New Delhi games set to go ahead
Bosses play down reports event will be cancelled over post-Mumbai security fears.
Last Modified: 16 Mar 2009 12:23 GMT

An armed policeman on guard outside India Gate in New Delhi [GALLO/GETTY]
Commonwealth Games chiefs have rubbished reports that the tournament is in danger of being scrapped over security fears in the Indian host city New Delhi.

The Commonwealth Games Federation (CGF) said on Monday that security arrangements were on track following safety fears voiced in Australia.

CGF Chief Executive Mike Hooper played down comments by Australian Commonwealth Games Association CEO Perry Crosswhite that the games could be cancelled if security was in doubt.

Security around the Games, due to be held from October 3-14 next year, has come under scrutiny after the attacks in Mumbai in November that killed at least 171 people, and a recent attack on the Sri Lankan cricket team in Pakistan.

Hooper said he did not believe the events in Lahore would spark similar attacks on sports figures.

'Attacks happen'

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"These attacks happen – any major event potentially is a target whether it's a sporting event, government meeting, conference or whatever," he said.

"I don't think (it is) necessarily a sign what has happened in Lahore all of a sudden we are going to see a whole lot of attacks targeting sports people."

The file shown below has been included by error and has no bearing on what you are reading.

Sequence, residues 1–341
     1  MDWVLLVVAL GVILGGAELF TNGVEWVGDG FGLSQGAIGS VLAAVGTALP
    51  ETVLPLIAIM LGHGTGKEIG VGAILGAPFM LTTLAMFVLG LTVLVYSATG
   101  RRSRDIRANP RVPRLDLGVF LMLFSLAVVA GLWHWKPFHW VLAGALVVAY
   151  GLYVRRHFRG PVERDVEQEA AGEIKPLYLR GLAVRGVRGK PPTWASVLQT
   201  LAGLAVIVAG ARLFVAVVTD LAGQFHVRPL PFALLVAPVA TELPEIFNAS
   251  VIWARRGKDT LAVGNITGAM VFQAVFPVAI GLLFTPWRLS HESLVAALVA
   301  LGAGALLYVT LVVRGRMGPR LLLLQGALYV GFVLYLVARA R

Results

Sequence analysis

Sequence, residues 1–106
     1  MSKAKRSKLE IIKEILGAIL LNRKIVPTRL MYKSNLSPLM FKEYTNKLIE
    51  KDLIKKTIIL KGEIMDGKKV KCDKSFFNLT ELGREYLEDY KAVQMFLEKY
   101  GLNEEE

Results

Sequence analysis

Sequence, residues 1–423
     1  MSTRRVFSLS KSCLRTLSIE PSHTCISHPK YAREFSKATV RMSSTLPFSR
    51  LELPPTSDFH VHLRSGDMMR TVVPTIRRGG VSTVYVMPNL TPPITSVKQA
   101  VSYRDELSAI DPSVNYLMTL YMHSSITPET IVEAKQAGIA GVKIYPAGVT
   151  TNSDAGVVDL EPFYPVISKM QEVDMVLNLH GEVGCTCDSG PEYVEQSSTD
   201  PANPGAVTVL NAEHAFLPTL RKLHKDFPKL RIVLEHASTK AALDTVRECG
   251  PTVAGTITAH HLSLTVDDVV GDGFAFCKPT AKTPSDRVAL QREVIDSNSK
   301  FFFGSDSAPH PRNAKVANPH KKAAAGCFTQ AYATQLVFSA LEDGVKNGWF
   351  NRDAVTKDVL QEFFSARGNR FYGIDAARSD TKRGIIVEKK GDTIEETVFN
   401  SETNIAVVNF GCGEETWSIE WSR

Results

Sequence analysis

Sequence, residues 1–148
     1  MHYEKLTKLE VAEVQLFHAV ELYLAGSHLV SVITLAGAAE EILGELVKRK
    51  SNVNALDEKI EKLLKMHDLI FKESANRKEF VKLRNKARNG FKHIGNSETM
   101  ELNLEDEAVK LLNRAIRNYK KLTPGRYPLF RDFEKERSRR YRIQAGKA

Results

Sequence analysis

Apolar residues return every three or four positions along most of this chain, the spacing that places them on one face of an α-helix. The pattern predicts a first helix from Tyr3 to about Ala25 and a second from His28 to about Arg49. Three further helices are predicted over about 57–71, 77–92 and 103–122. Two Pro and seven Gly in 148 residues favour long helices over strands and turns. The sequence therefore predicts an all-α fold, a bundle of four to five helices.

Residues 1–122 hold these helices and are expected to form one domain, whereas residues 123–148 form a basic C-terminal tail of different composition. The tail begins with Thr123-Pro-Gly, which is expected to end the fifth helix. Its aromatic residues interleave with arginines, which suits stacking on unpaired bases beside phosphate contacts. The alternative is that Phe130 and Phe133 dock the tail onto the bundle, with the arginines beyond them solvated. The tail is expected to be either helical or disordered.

Crosswhite raised serious doubts about the Games and suggested they could be scrapped if a security assessment a month from the start deemed them unsafe to proceed.

Hooper spoke to Crosswhite on Monday and said the official denied Australia was contemplating pulling out or sending its own security officials.

No withdrawal

"He did not say they were looking to withdraw from the Games," said Hooper.

"He did not say they were going to bring their own security or going to have urgent talks in the next two weeks with their government officials.

"These attacks happen - any major event potentially is a target"

Mike Hooper

"Like all countries you take advice from your own security agencies and advisors.

"They also look to us for appropriate advice."

Hooper, who has been based in New Delhi for several months to oversee the Games build-up, said the organisers and Indian authorities were determined to deliver a safe event.

"Certainly all indications and commitments given to us and the planning processes that our advisors have been involved in would indicate that will happen," he said.

"Clearly how that will manifest itself in 20 months' time, we can only speculate."

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